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It would be remiss of me to think of Operation: Mindcrime as a mere album, because to me, personally, it has served more as an institution. Along with records like Port Royal and Somewhere in Time, both of which share a similar, airy eloquence in their production values (thank the 80s), this has become a monumental benchmark by which I've judged much melodic metal I've experienced since. In fact, if I myself was to be locked away in some remote gulag or asylum, stripped of my iPod, but allowed a mere car mirror CD visor worth of metal music to bring along, this would be guaranteed a slot. It's one of those rare cases of a record upon which I wouldn't propose a single alteration. If given the power to time travel and manipulate musical media, I wouldn't change a damned note on Operation: Mindcrime. It was, and remains in my estimation, flawless. Never broken. And never needing to be fixed. Or compromised by its own authors (but that, as they say, is 'another story').
However, despite its massive commercial success, and the endless landfill of praise and detraction that has been laid upon it through the ensuing decades, Operation: Mindcrime is not a record without some baggage, and this I would largely attest to conflicting perceptions of its conceptual merit. Queensrÿche's third full-length was not its first with a unified theme, but the first to really splay it out into a narrative rock opera involving brainwashing, political assassination, and a clear violation of doctor-patient confidence. The band hired on friends and actors to perform brief character roles, and they set it up with a number of briefer story vignettes to round out the metal tracks. For some listeners, this is a huge hurdle, but personally I rather enjoyed each of these pieces, not only for their value to the central theme, but also because of the clinical atmosphere and sense of gravity they lend to the story. They're also musical for the most part, with but one or two exceptions; for instance, "Anarchy-X" is a 90 second anthem with brazen guitars, dual leads and warlike drumming cadence that fully fits with the lengthier cuts. It's not like Pestilence's Testimony of the Ancients, where the interludes seem to be incorporated just for the sheer whim of experimentation. No, these pieces actually seem to belong to their surroundings.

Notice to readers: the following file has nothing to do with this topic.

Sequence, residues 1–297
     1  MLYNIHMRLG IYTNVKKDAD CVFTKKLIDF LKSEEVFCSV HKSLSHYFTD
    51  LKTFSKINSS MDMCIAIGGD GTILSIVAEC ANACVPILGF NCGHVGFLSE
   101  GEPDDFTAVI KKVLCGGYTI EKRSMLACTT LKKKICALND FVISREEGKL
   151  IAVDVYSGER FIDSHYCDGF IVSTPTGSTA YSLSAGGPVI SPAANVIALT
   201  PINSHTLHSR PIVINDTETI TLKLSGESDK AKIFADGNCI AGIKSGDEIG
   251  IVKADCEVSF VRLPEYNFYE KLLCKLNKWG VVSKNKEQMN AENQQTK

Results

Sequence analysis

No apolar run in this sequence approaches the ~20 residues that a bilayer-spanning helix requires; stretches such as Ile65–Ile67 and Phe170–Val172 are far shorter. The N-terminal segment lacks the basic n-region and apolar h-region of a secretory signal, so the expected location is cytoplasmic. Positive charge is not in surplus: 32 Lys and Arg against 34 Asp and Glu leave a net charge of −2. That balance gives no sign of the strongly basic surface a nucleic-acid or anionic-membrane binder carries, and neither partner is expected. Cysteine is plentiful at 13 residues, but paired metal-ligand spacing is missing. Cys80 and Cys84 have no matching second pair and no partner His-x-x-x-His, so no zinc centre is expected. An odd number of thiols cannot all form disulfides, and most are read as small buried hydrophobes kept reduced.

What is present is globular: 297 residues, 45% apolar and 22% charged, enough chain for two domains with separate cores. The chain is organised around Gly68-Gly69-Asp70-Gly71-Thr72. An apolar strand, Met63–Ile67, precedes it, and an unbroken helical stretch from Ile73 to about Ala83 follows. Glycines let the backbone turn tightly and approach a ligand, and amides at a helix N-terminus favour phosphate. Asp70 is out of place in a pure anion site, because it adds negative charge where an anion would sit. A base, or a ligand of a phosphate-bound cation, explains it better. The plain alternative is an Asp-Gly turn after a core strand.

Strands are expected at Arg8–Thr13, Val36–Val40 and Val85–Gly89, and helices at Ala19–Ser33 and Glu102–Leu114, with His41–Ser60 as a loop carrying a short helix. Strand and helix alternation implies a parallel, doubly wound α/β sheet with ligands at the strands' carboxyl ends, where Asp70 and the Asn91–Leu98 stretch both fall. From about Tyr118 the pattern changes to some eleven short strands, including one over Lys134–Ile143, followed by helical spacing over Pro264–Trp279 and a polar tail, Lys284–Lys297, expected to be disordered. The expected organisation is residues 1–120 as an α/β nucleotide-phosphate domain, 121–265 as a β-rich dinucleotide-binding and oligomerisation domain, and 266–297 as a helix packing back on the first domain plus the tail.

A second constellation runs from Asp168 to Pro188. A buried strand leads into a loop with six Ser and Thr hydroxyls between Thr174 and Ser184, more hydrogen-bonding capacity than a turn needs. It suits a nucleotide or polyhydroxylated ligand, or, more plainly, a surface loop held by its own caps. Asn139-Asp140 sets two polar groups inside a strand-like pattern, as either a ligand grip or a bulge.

Of course, one of the joys of this album is that it can actually be listened to in two ways: straight through the story sequentially, or by skipping the central narrative and appreciating each of its regular length tracks for their individual values. Some might contain snippets of samples or story, but the lyrics behind a tune like "Eyes of a Stranger", "The Needle Lies", "I Don't Believe In Love" could hold some relevance for a listener whether or not he/she gives two shits about Sister Mary, Father William, or Dr. X. Nor would it take a high intellect to be able to make an 'abstraction' out of "Suite Sister Mary" or the title track. Much has been said of how 'genius' or 'brilliant' the album's concept was. I myself was incessantly exposed to such praise in high school to the point that I couldn't stand it, joyous that, for once, the hairspray-drugged Poison and Bon Jovi crowd, and the male students chasing their tails, had invested themselves in an album of quality. But let's be honest: Mindcrime's story is an average psychological thriller at best. It's not a Gravity's Rainbow, or Foucault's fucking Pendulum. It doesn't have the same pulse pounding action and intrigue as Robert Ludlum's Bourne series. The twists and turns are fairly obvious, and the lyrical diatribe used to convey the tale is hardly complex or inventive prose. That said, though, so what? Compared to most of the driven being spewed upon the radio to glam fans, or the same half dozen issues being beaten to the floor by the more serious metal acts of the 80s, Operation: Mindcrime was indeed something special. Different.